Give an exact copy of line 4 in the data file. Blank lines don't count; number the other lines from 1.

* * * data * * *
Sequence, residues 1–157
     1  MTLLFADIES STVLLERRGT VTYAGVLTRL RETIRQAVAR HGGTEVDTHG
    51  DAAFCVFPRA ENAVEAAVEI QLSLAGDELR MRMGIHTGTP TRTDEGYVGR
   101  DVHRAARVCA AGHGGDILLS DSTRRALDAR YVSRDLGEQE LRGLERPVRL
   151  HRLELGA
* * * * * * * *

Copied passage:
   101  DVHRAARVCA AGHGGDILLS DSTRRALDAR YVSRDLGEQE LRGLERPVRL